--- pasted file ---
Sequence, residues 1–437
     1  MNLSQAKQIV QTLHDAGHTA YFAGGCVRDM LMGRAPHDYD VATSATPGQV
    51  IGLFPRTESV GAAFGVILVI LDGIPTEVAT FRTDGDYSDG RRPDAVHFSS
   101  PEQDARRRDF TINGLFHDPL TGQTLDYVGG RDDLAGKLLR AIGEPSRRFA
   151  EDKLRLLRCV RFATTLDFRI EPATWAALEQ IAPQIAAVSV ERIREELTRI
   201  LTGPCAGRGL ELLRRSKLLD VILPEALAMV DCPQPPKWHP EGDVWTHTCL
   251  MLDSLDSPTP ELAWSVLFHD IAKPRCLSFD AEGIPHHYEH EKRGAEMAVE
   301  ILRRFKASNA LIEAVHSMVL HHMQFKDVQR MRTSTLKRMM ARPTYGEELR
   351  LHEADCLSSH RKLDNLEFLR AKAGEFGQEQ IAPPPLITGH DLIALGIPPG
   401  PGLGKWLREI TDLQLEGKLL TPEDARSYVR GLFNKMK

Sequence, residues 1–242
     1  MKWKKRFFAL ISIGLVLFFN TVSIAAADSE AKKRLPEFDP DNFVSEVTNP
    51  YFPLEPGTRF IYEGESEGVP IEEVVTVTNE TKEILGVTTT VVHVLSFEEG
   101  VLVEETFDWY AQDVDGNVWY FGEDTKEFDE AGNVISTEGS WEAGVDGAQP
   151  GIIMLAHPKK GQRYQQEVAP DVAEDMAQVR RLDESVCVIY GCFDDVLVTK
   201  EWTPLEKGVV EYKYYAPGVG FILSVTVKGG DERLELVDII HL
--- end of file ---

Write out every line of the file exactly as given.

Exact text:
Sequence, residues 1–437
     1  MNLSQAKQIV QTLHDAGHTA YFAGGCVRDM LMGRAPHDYD VATSATPGQV
    51  IGLFPRTESV GAAFGVILVI LDGIPTEVAT FRTDGDYSDG RRPDAVHFSS
   101  PEQDARRRDF TINGLFHDPL TGQTLDYVGG RDDLAGKLLR AIGEPSRRFA
   151  EDKLRLLRCV RFATTLDFRI EPATWAALEQ IAPQIAAVSV ERIREELTRI
   201  LTGPCAGRGL ELLRRSKLLD VILPEALAMV DCPQPPKWHP EGDVWTHTCL
   251  MLDSLDSPTP ELAWSVLFHD IAKPRCLSFD AEGIPHHYEH EKRGAEMAVE
   301  ILRRFKASNA LIEAVHSMVL HHMQFKDVQR MRTSTLKRMM ARPTYGEELR
   351  LHEADCLSSH RKLDNLEFLR AKAGEFGQEQ IAPPPLITGH DLIALGIPPG
   401  PGLGKWLREI TDLQLEGKLL TPEDARSYVR GLFNKMK

Sequence, residues 1–242
     1  MKWKKRFFAL ISIGLVLFFN TVSIAAADSE AKKRLPEFDP DNFVSEVTNP
    51  YFPLEPGTRF IYEGESEGVP IEEVVTVTNE TKEILGVTTT VVHVLSFEEG
   101  VLVEETFDWY AQDVDGNVWY FGEDTKEFDE AGNVISTEGS WEAGVDGAQP
   151  GIIMLAHPKK GQRYQQEVAP DVAEDMAQVR RLDESVCVIY GCFDDVLVTK
   201  EWTPLEKGVV EYKYYAPGVG FILSVTVKGG DERLELVDII HL